The Spirit of Montaigne: Some Thoughts and Expressions Similar to Those in His Essays

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Grace Norton
Houghton, Mifflin and Company, 1908 - 233 pages

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Page 210 - The hand that rounded Peter's dome, And groined the aisles of Christian Rome, Wrought in a sad sincerity: Himself from God he could not free; He builded better than he knew : The conscious stone to beauty grew.
Page 66 - O now, for ever, Farewell the tranquil mind ! Farewell content ! Farewell the plumed troop, and the big wars, That make ambition virtue ! O, farewell ! Farewell the neighing steed, and the shrill trump, The spirit-stirring drum, the ear-piercing fife, The royal banner ; and all quality. Pride, pomp, and circumstance of glorious war ! And O, you mortal engines, whose rude throats The immortal Jove's dread clamours counterfeit, Farewell ! Othello's occupation's gone ! lago.
Page 7 - Surely every medicine is an innovation, and he that will not apply new remedies must expect new evils; for time is the greatest innovator; and if time of course alter things to the worse, and wisdom and counsel shall not alter them to the better, what shall be the end?
Page 167 - J'eusse été près du Gange esclave des faux dieux , Chrétienne dans Paris , musulmane en ces lieux.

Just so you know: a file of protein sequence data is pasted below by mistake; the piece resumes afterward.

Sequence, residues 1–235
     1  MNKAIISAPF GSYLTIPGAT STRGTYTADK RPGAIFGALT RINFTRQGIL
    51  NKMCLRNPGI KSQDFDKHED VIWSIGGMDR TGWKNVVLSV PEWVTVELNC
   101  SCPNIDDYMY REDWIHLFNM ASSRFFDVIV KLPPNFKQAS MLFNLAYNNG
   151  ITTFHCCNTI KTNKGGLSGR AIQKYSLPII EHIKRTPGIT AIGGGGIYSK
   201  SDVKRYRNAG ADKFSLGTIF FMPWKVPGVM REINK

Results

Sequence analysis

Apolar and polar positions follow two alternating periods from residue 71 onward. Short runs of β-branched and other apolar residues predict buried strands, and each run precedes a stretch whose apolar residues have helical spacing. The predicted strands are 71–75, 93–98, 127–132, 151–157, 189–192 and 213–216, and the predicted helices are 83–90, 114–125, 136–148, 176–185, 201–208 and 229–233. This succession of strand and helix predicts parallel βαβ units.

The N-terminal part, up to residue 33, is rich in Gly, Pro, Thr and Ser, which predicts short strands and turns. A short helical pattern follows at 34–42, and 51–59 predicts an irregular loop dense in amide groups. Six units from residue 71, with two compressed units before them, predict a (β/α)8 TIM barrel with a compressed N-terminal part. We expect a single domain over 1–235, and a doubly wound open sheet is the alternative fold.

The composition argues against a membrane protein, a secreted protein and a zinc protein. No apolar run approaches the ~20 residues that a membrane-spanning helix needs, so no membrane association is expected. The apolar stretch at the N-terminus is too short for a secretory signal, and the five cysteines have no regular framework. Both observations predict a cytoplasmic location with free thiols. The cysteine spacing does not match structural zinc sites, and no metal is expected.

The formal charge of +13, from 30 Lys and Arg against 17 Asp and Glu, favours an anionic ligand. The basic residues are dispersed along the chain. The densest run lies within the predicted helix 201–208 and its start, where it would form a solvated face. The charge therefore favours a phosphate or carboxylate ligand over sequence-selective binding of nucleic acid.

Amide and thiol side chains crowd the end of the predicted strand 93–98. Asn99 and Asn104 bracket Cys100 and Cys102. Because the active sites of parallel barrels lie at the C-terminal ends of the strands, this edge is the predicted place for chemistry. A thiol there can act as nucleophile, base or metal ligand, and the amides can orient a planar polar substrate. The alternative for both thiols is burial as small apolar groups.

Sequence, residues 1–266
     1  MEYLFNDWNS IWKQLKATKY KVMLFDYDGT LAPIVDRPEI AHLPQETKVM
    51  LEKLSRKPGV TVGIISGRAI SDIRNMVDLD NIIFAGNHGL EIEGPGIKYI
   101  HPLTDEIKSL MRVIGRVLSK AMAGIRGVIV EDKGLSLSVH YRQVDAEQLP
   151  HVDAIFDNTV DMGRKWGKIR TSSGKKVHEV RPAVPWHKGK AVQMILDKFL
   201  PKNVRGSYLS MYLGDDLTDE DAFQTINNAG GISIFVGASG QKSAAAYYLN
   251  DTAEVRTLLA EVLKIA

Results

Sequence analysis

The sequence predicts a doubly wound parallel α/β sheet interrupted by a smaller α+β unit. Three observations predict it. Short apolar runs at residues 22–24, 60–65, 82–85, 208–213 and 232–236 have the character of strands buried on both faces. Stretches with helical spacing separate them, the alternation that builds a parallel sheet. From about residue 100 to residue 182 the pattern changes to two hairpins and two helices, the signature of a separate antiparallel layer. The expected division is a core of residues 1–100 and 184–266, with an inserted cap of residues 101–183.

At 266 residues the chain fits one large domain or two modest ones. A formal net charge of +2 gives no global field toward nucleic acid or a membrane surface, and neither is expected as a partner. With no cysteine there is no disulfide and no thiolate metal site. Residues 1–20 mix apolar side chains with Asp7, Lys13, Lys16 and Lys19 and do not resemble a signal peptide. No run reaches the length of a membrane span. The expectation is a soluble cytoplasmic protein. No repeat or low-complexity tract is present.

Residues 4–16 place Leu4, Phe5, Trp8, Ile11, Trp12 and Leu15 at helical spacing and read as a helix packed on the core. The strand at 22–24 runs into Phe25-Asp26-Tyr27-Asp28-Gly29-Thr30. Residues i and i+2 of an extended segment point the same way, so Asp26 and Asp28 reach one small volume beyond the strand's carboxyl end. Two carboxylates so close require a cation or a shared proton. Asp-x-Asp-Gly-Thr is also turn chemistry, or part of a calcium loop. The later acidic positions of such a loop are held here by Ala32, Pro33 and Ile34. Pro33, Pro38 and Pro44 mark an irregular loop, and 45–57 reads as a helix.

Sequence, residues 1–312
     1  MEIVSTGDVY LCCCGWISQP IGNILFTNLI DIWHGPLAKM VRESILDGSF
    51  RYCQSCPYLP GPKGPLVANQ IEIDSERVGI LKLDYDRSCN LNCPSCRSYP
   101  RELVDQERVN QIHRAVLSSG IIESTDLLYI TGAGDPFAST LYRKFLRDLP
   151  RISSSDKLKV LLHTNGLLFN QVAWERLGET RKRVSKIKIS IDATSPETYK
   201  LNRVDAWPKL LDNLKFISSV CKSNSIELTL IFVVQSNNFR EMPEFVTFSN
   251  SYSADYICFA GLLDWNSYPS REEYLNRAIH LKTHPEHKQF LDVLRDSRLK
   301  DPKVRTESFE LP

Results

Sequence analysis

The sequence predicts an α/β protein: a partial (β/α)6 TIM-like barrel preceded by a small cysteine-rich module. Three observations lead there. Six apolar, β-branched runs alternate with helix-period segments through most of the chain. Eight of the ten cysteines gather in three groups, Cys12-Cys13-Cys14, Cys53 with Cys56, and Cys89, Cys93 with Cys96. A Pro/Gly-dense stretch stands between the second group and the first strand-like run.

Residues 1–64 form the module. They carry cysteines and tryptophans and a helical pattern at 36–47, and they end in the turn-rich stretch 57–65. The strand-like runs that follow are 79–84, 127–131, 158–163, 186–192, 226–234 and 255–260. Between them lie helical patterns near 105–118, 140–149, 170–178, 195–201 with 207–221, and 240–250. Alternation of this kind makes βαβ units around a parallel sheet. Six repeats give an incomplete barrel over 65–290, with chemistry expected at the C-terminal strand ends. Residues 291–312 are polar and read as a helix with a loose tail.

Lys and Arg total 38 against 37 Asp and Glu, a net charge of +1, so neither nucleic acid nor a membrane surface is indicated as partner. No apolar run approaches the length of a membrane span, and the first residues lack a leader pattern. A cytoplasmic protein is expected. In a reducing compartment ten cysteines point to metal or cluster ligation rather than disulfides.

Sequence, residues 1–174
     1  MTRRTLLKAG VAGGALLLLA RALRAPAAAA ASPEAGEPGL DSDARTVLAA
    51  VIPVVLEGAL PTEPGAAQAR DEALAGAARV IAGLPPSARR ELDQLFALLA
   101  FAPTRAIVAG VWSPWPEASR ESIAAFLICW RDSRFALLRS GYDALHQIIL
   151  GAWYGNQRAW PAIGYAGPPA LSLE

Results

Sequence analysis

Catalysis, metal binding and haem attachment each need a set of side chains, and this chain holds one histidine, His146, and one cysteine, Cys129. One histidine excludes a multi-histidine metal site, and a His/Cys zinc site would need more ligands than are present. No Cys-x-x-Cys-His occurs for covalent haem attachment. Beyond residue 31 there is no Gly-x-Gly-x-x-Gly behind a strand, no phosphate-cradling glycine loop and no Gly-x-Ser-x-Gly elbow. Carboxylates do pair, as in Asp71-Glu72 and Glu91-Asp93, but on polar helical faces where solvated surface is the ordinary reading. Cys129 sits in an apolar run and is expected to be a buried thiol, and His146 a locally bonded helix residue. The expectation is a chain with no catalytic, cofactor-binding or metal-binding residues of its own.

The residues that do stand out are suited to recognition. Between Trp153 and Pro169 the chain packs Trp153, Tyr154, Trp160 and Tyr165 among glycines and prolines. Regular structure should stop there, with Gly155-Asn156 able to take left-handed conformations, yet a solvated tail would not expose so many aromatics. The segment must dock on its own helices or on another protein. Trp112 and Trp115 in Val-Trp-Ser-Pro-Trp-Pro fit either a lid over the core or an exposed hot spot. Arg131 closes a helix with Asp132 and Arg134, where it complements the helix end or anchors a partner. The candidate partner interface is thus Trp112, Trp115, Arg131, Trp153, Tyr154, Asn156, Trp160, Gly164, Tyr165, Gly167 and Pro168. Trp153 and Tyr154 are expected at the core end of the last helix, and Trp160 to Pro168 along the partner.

Page 210 - There is then creative reading as well as creative writing. When the mind is braced by labor and invention, the page of whatever book we read becomes luminous with manifold allusion. Every sentence is doubly significant, and the sense of our author is as broad as the world.
Page 211 - TERMINUS. IT is time to be old, To take in sail : — The god of bounds, Who sets to seas a shore, Came to me in his fatal rounds, And said : ' No more ! No farther shoot Thy broad ambitious branches, and thy root. Fancy departs : no more invent ; Contract thy firmament To compass of a tent.
Page 28 - ... and to the discovery of middle axioms. And this way is now in fashion. The other derives axioms from the senses and particulars, rising by a gradual and unbroken ascent, so that it arrives at the most general axioms last of all. This is the true way, but as yet untried.
Page 96 - I feel not in myself those common antipathies that I can discover in others: those national repugnances do not touch me, nor do I behold with prejudice the French, Italian, Spaniard, or Dutch...
Page 215 - OLD things need not be therefore true,' O brother men, nor yet the new ; Ah ! still awhile the old thought retain, And yet consider it again ! The souls of now two thousand years, Have laid up here their toils and fears, And all the earnings of their pain, — Ah, yet consider it again...
Page 189 - Je ne conçois qu'une manière de voyager plus agréable que d'aller à cheval; c'est d'aller à pied. On part à son moment , on s'arrête à sa volonté , on fait tant et si peu d'exercice qu'on veut. On observe tout le pays ; on se détourne à droite , à gauche ; on examine tout ce qui nous flatte ; on s'arrête à tous les points de vue. Aperçois-je une rivière, je la eôtoie ; un bois touffu, je vais sous son ombre ; une grotte , je la visite ; une carrière , j'examine les minéraux.

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